Drones to stop SA farmers being hounded by wild dogs

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Drones to stop SA farmers being hounded by wild dogs

State government to fund trial.

The South Australian government will trial the use of unmanned aerial vehicles (UAVs) as part of a strategy aimed at reducing the impact of wild dogs and other pests in agricultural areas.

The announcement was made ahead of the state budget. The trial will be funded as part of a $375,000 grant from the federal government.

The pilot program is being overseen by University of Adelaide associate professor Lian Pin Koh, deputy director of the university’s Conservation Science and Technology program and director of its Unmanned Research Aircraft Facility (URAF).

“In this project, we’re working with PIR [the South Australian Department of Primary Industries and Resources] to explore the use of UAVs to monitor the dingo fence in South Australia. This trial will examine if it’s possible to do, and also whether it’s more cost effective than having people on the ground in vehichles,” Koh said.

“The project will start in July and run for one year. In the early stage, we will collect information about the dog fence from people on the ground in order to understand their needs, and then in November we’ll start developing the equipment and methodology.”

Koh said the project will be carried out in-house by the University of Adelaide through its own URAF facility, which has six qualified pilots, rather than being outsourced to a commercial operator.

“The initial plan is to assess the cost effectiveness of the program and creating a detailed report about it. If it’s successful, we will then have another conversation with PIR about rolling out this technology to other agricultural areas both in the state and interstate.”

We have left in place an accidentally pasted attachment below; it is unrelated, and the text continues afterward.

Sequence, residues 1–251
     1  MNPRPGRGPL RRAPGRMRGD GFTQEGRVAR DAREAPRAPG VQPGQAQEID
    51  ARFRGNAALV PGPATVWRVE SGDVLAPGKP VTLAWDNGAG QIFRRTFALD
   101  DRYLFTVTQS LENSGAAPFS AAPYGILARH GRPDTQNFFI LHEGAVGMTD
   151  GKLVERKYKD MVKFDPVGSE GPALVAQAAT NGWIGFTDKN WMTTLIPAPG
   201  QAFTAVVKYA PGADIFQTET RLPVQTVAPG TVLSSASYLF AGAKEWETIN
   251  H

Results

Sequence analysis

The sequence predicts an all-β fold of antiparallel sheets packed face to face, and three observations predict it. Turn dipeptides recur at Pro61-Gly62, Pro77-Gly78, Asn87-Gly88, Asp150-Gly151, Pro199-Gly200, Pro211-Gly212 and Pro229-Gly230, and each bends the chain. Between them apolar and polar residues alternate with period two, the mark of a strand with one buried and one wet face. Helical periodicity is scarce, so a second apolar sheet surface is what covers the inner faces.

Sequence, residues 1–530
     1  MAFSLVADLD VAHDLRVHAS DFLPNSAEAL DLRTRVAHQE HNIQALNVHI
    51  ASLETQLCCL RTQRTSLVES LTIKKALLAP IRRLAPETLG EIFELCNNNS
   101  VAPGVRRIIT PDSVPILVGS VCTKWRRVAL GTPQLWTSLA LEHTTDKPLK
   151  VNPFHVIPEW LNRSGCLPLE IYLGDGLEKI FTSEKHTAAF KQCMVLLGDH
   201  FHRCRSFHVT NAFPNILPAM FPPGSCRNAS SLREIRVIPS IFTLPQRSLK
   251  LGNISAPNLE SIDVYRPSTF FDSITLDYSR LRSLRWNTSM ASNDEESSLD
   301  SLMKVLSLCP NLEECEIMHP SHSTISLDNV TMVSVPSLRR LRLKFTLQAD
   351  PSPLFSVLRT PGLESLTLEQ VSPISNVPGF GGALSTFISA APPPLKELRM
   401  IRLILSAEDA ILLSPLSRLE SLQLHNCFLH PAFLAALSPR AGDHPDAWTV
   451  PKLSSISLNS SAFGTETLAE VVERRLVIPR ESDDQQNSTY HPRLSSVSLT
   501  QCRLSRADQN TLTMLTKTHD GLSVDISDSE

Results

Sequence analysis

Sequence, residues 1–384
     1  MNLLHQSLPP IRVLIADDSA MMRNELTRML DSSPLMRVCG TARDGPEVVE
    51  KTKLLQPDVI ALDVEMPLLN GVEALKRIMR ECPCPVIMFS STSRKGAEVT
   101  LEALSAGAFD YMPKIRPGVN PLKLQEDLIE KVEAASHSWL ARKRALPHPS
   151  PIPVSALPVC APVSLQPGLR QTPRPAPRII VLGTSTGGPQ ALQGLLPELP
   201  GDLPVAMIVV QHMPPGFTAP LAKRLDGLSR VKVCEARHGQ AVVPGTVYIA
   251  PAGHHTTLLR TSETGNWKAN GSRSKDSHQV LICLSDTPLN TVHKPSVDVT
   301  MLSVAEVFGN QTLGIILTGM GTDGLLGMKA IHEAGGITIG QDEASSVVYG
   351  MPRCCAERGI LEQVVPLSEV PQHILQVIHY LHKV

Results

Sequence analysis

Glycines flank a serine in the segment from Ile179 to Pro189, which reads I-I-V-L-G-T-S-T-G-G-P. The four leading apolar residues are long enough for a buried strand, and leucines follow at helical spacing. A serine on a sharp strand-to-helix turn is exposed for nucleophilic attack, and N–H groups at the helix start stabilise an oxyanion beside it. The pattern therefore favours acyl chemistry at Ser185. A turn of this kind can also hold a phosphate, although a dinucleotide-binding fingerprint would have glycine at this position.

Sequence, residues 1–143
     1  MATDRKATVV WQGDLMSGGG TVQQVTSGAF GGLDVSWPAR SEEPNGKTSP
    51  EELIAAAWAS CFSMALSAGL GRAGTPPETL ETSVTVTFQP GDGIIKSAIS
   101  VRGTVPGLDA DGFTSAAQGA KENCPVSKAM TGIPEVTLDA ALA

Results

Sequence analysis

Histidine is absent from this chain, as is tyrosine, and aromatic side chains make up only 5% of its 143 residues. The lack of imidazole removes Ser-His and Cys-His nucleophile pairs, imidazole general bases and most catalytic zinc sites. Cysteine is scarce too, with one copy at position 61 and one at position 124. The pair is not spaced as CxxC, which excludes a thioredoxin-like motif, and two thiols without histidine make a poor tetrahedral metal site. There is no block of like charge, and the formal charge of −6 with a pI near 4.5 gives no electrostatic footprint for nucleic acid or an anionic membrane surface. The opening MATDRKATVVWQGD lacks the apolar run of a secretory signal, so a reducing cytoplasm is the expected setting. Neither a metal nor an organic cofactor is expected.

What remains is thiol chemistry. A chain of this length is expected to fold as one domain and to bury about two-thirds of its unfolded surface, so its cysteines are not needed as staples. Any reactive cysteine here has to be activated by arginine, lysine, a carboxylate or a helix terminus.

In a statement, South Australian Agriculture Minister Leon Bignell said the use of drones to inspect fences will save time, money and effort over traditional methods.

“Feral animals and pests like wild dogs destroy infrastructure and livestock and their numbers are growing as they move further south across pastoral lands," Bignell said.

“While current programs to address drought-related pests have been well received, wild dogs remain a big issue for our farmers.”

The trial comes as interest grows in the potential use of drones in agriculture, both among farmers and in government departments overseeing the sector.

Queensland’s Department of Natural Resources and Mines trialled the use of Yamaha RMAX drones coupled with satellite imagery to tackle high-density weed infestations in 2013.

The CSIRO has also tested drones in a bid to control infestations of the highly invasive "purple plague" weed as part of the $7 million Project ResQu program, set up by the Queensland University of Technology's Australian Research Centre for Aerospace Automation (ARCAA).

Despite the many potential uses of aerial surveillance in sectors such as agriculture for monitoring and pest control, and the stringent existing licencing requirements in place for commercial UAV operators, privacy concerns have led to calls for tougher regulations.

Earlier this month, Australia’s Civil Aviation Safety Authority announced it was preparing to relax restrictions on the use of small drones by commercial operators.

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